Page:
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Garden tour yields insights into a Zone 3 climate

St. Albert edible garden tour created conversation on growing food

Close to 40 gardeners curious to learn about growing food turned out to mark the fourth annual St. Albert Community Edible Garden Tour.

The tour’s purpose is to raise awareness about food that could be grown in a Zone 3 climate and spur conversation around the issues of food security, said lead organizer Jill Cunningham.

Every year tour participants meet at a different spot. This year it was St. Albert Community Food Forest.

Located on a hill sandwiched between Meadowview Drive and Meadowview Ball Diamonds, the wild, unkempt-looking edible forest is a work in progress.

Once it was a pasture and later a market garden. Today dedicated volunteers are changing its face, planting plum, apple and Evans cherry saplings as well as saskatoons, raspberries, jostaberry and haskap berry bushes.

One of the forest’s most impressive features is the overlooked passive water collectors shaped from soil that give the hill a terraced looking quality.

Just a short climb away is the Heritage Garden, a fenced vegetable garden roughly an acre in size. Local master gardener Irene Szambara has volunteered to grow lush beets, carrots, potatoes and cucumbers destined for the St. Albert Food Bank.

“This is also intended as a demonstration garden to show people new to the community what they can grow here,” said Cunningham.

At this point, the tour divides into two different groups led by Cunningham and treasurer Sandra Casson.

Casson believes the yearly tours are successful in part because, “People are curious and they like to see what’s in their neighbour’s back yard. They are looking for inspiration.”

I hopped a ride with Casson and our first stop is at Christal Myner’s home to see several egg-laying hens. Myner’s backyard is huge with a manicured green grass, richly coloured flowers and a traditional looking stone wall.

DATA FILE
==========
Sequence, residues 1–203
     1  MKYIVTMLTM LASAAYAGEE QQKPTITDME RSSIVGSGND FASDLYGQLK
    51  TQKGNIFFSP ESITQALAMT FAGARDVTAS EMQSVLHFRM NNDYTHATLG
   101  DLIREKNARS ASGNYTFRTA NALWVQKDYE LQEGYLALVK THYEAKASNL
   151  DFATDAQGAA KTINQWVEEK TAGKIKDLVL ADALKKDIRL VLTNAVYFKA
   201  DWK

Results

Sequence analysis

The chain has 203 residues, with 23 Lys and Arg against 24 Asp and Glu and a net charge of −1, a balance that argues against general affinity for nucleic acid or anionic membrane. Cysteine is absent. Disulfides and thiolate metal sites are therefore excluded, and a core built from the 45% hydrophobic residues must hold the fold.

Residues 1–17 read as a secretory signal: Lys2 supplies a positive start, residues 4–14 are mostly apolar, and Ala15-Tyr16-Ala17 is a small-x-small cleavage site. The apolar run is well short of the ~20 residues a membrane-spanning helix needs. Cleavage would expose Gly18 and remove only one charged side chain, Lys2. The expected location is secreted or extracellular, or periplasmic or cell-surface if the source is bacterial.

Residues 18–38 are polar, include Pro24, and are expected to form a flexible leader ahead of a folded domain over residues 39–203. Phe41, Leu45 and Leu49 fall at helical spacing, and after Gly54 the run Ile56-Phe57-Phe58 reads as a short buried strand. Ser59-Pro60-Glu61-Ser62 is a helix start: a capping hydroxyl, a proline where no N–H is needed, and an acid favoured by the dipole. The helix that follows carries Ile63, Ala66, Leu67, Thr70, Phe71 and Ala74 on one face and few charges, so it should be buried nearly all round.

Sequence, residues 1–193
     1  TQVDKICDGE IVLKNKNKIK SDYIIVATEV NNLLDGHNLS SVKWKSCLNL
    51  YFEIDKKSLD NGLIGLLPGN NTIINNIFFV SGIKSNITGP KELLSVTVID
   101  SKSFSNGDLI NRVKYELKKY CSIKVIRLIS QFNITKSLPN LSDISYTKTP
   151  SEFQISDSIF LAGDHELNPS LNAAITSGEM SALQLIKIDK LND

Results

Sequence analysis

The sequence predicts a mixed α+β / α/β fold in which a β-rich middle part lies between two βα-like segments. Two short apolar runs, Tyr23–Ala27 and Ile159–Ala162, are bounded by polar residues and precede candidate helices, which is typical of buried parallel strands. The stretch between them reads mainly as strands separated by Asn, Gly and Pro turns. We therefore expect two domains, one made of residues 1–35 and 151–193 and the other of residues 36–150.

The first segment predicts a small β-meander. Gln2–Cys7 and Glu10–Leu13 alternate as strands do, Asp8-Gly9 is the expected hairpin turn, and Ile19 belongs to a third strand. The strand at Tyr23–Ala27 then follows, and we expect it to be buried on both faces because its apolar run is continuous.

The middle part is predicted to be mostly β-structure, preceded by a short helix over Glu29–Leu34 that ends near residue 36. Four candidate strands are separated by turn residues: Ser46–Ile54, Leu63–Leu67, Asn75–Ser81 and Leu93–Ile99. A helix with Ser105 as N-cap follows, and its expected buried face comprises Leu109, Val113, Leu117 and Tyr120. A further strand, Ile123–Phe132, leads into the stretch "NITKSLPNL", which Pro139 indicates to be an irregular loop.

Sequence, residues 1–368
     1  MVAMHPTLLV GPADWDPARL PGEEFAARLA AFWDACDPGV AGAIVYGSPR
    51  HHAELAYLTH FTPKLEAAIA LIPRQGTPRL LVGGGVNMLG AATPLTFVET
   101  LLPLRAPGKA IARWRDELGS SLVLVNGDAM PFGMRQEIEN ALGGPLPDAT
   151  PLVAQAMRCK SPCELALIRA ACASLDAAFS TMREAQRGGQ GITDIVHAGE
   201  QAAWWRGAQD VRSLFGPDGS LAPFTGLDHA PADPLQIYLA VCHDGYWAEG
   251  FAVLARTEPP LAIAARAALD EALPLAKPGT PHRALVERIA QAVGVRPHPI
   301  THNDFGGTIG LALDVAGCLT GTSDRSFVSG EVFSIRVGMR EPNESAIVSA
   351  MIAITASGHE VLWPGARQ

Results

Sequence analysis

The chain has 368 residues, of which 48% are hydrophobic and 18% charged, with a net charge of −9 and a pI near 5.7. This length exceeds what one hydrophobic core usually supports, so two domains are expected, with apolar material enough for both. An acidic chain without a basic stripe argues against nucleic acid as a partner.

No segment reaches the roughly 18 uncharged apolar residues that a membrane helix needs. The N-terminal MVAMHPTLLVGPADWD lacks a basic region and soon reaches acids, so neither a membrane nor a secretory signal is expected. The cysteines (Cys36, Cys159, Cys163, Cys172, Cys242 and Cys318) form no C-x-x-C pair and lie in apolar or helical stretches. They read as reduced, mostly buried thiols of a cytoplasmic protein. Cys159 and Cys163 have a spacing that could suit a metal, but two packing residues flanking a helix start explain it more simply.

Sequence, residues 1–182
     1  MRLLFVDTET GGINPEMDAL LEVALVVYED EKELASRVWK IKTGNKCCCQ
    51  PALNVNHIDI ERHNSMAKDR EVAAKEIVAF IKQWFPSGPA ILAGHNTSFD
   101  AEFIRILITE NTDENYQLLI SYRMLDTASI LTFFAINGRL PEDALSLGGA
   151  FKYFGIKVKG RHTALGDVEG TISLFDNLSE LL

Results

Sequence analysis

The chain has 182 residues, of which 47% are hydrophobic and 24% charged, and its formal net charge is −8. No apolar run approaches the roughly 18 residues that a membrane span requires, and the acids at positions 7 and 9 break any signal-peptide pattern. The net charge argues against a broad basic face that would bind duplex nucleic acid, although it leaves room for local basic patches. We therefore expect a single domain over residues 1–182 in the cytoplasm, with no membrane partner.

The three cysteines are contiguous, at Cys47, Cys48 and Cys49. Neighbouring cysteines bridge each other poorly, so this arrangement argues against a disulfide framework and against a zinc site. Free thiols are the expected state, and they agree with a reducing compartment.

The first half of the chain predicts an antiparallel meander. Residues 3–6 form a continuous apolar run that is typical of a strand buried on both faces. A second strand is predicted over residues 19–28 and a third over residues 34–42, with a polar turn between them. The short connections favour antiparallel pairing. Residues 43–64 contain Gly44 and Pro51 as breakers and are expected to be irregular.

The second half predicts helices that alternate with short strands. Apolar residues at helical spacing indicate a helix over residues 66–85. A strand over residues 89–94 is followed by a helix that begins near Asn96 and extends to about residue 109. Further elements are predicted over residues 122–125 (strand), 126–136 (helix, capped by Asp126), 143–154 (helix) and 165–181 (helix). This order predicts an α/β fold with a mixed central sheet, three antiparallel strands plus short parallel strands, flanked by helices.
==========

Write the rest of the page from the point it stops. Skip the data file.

The hens roam the yard, peck at rocks and fertilize the earth. In one corner is a wire mesh coop that in winter is wrapped with a heavy-duty plastic wrap to keep out extreme cold and heated with a 60-watt bulb.

We learn the four hens lay on average one egg each per day. That is about two dozen organic eggs every week. Rough calculations suggest that there is no cost gain from raising your own chickens. “But these eggs are fresh and healthy,” said Christal Myner.

Our next stop is Joanne Gleason’s massive Grandin backyard to see three speckled hens. While most local backyards are flat, Gleason’s slopes upward. Coupled with more than half a dozen spruce trees, native growing poplar and saskatoon trees, it creates a wild, mountainous impression.

Nestled among the trees is a roomy, insulated chicken coop. One woman starts the conversation asking Gleason about smells and how often the coop is cleaned.

“I do it every day. I’m conscientious of my neighbours and I don’t want strong odours,” replied Gleason

She adds that her hens can get vocal. “They squawk when they produce and egg. I had to get permission from neighbours three houses down both sides and across the street.” Everyone laughed.

Across town in Braeside, Brenda Harvey has created rich compost-filled beds using shredded newsprint, autumn leaves and food scraps. The proof is in the plants – seven-foot-high sugar snaps and six-foot-tall tomato plants.

“I don’t dig. I don’t turn it over. I let it decompose just like Mother Nature,” said Harvey. “The more you feed the organisms, the undersoil becomes more fertile.”

Two gardeners dropped out at the last minute and Casson stepped in to show off her L-shaped yard in Erin Ridge showcasing a mix of zucchini, lamb’s ear, black currants, rhubarb and grapes.

“With grapes, patience is the key,” Casson said.

The tour ended at Cunningham’s home where she introduced stella d’oro, an edible star-shaped daylily in her front yard. The backyard was clustered with Arctic kiwi, buckwheat, French tarragon, wild raspberries, strawberries and a crabapple tree.

Marsha Grimes, one of the tour participants noted, “We are destroying our earth with concrete buildings. It’s nice to see our heritage continuing with younger people. I’m proud of St. Albert. It’s almost like an underground movement.”


Anna Borowiecki

About the Author: Anna Borowiecki

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